Scared they are too cold....!

Discussion in 'Managing Your Flock' started by fushalilly, Jan 15, 2009.

  1. fushalilly

    fushalilly Chillin' With My Peeps

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    Mar 9, 2008
    Rhode Island
    Here in RI is is about -2 degrees. I have three Black Star hens. They have a small draft free well constructed coop with TONS of hay to nest in inside of it. There is a small tiny light in there but it gives off no heat. The water in the coop is constanatly freezing so twice a day I change it with warm water. Obviosly, the temperature in the coop is below freezing temperatures.

    What kills me is that rather than being in the draft free coop, the three of them keep leaving to run around the freezing snow covered yard. I put vaseline on there large combs yesterday night, but it seems it came off since this morning.

    Should I be concerned? How much cold can they take?! I am very nervous about them. What can I do!?
     
  2. rooster0209

    rooster0209 Chillin' With My Peeps

    Apr 7, 2008
    North Dakota
    It was -35 here this morning. I wouldnt mind -2F

    I think you are doing great with your birds. They have a draft free coop, bedding, food & water. Can you put a heated dog dish out for them to keep the water from freezing? If you keep water avail every few hours they will do fine too. I wish I could vaseline combs but my chickens wont let me get that close. Besides, their bodies are insulated with down feathers, if out of the wind they will be fine.

    I guess if they are running around the cold yard, they arent very cold.
     
  3. digitS'

    digitS' Chillin' With My Peeps

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    Dec 12, 2007
    ID/WA border
    I was somewhat dismayed that some folks were suggesting that subzero temperatures were of little concern back before we began to have subzero temperatures. I've also noted that at least one of these chicken-keepers now has fewer chickens to keep because of deaths related to severe cold.

    Fushalilly, it became obvious to me many years ago that chickens are under some stress when temps go below zero but I don't think the behavior of your birds indicates that it is too difficult for them, so I agree with the Rooster.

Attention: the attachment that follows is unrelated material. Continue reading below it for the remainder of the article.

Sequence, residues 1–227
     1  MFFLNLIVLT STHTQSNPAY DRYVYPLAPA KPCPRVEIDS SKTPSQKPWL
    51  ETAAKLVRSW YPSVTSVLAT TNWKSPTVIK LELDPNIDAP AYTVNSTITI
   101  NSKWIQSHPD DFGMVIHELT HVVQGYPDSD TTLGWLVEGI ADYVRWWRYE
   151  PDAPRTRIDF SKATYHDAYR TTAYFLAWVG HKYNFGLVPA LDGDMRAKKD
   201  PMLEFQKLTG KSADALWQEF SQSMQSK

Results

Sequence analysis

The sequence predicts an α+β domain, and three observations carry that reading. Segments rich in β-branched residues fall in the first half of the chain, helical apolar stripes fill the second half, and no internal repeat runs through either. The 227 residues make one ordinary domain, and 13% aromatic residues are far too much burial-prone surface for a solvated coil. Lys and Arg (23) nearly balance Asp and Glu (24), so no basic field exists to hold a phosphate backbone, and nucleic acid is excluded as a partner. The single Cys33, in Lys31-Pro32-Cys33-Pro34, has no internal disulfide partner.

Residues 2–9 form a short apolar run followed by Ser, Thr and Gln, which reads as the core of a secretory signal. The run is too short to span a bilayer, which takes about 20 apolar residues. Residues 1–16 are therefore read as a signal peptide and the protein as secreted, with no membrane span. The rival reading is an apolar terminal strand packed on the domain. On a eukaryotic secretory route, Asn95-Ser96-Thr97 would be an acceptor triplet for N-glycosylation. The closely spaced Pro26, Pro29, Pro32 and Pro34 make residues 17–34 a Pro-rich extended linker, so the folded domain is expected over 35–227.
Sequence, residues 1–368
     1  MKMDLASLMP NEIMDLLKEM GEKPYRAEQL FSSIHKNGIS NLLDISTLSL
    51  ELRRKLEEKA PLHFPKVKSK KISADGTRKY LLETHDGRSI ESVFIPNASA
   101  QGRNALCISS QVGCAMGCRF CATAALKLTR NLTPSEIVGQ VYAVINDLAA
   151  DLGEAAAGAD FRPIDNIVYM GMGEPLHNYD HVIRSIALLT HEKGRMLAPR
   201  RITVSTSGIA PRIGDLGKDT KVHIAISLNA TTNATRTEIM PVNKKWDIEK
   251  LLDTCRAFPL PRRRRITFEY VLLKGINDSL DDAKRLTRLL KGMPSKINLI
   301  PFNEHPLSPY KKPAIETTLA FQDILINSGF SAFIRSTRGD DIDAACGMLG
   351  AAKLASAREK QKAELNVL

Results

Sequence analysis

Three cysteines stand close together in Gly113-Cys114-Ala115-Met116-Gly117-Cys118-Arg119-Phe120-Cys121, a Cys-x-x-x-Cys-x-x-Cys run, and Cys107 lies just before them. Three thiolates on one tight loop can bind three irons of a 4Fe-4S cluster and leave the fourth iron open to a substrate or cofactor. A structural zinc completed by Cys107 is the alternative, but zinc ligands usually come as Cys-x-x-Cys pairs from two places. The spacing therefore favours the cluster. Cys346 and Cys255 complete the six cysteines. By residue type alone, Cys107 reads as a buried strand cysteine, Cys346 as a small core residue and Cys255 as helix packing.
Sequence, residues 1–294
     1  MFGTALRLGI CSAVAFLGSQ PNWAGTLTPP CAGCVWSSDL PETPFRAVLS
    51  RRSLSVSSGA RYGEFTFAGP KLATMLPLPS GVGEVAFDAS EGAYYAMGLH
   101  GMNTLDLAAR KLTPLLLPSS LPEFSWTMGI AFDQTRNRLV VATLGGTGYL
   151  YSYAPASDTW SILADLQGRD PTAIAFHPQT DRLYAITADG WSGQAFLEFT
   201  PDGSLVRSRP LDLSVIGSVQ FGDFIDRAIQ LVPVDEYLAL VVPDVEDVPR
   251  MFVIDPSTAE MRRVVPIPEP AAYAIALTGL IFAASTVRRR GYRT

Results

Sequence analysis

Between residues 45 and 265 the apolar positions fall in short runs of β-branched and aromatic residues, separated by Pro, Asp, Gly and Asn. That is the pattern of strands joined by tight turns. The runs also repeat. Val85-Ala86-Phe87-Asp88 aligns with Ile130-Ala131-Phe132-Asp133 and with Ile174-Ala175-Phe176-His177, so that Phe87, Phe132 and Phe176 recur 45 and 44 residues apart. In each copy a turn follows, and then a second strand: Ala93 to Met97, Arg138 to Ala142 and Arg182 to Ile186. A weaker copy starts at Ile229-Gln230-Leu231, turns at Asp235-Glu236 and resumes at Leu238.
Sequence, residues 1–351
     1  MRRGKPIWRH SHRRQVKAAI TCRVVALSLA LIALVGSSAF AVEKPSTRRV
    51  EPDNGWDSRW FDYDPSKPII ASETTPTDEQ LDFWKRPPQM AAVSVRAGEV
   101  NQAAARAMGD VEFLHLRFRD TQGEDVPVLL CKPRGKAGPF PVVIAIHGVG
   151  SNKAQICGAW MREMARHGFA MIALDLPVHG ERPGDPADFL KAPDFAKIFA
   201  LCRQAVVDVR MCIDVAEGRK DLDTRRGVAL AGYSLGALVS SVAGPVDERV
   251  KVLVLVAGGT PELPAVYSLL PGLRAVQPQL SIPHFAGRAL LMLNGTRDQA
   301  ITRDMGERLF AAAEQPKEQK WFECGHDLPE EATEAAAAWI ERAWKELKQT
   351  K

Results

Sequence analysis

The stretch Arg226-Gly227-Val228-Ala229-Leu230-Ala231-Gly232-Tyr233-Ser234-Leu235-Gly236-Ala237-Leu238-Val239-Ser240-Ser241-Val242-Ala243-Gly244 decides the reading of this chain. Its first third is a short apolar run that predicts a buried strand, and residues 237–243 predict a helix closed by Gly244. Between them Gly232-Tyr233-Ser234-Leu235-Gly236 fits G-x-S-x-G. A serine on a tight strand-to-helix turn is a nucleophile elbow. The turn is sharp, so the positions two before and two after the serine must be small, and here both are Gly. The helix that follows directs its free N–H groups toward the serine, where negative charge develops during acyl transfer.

I leave my birds in the coop when it is below zero.

    Good feed and plenty of it is important. About the best that I can determine, my hens increase their consumption about 30% above summertime when the temps are at freezing. And, yes it freezes in my tight/insulated/unheated coop when it goes below about 15°F nights/days.

    I change out the ice for water in the morning, then around 4 PM if it's frozen, and finally about 8 PM. The light goes off at 9 PM and I think that evening water and feed is really important.

    Steve

    Edited to add: Rooster 0209 has a husband?!?
     
    Last edited: Jan 15, 2009
  4. rooster0209

    rooster0209 Chillin' With My Peeps

    Apr 7, 2008
    North Dakota
    rooster0209 is a girl [​IMG] ands its not because i have red hair either [​IMG]

    I have not opened my coop in almost two weeks. Its too darn cold











    my mom nicknamed my doxie rooster when she was young because she got up at dawn to go pee and the whole house got up with her. by the time you got yourself a cup of coffee, she was snoozing in your lap. At 14 she is not so ready to get up that early. 02-09 (95) is her birthday.
    Maybe I should change my name
     
    Last edited: Jan 15, 2009
  5. digitS'

    digitS' Chillin' With My Peeps

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    Dec 12, 2007
    ID/WA border
    Tell you what, Rooster0209,

    What I really notice is your avatar. I hope you don't change that, I'm sure that it has real appeal to more than just 1 BYC'er. Whatever you do, don't replace it with a snarling dachshund (unless she has a cute ribbon behind her ear, or maybe a pink scarf for this time of year [​IMG]).

    The addition of a really feminine name like: Stevie, could help avoid any any confusion.

    Steve
     
    Last edited: Jan 15, 2009
  6. Mrs MIA

    Mrs MIA Chick Magnet

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    Mar 3, 2008
    Everyone's situation/conditions are different, so best thing is to watch your hens for signs of discomfort. As someone who lives in the extreme cold temps (and yes, I lost one very small young chicken to the effects of cold out of about 100 birds - it happens sometimes despite your best efforts) I can vouch for the fact that they seem to be pretty comfortable outside at temps around 0 to -10°F... I had several hens that chose to sleep outside at 0F (I have pop-doors covered with towels that are open all the time, even at -35°F). Any colder or windier than -10°F and they start staying inside on their own. But just because they can handle those temps, doesn't necessarily mean they can handle them for long periods of time (weeks). You'll be amazed at how low the temps will go before they start showing signs of discomfort, but watch them... you'll know when it's too cold for them because they won't be outside anymore, and they'll huddle together and cover their feet. [​IMG] With the nice coop setup it sounds like you have, though, they should be fine for a few days. If it stays at that temp, though, you might need to help them out with a little heat.
    Good luck!
     

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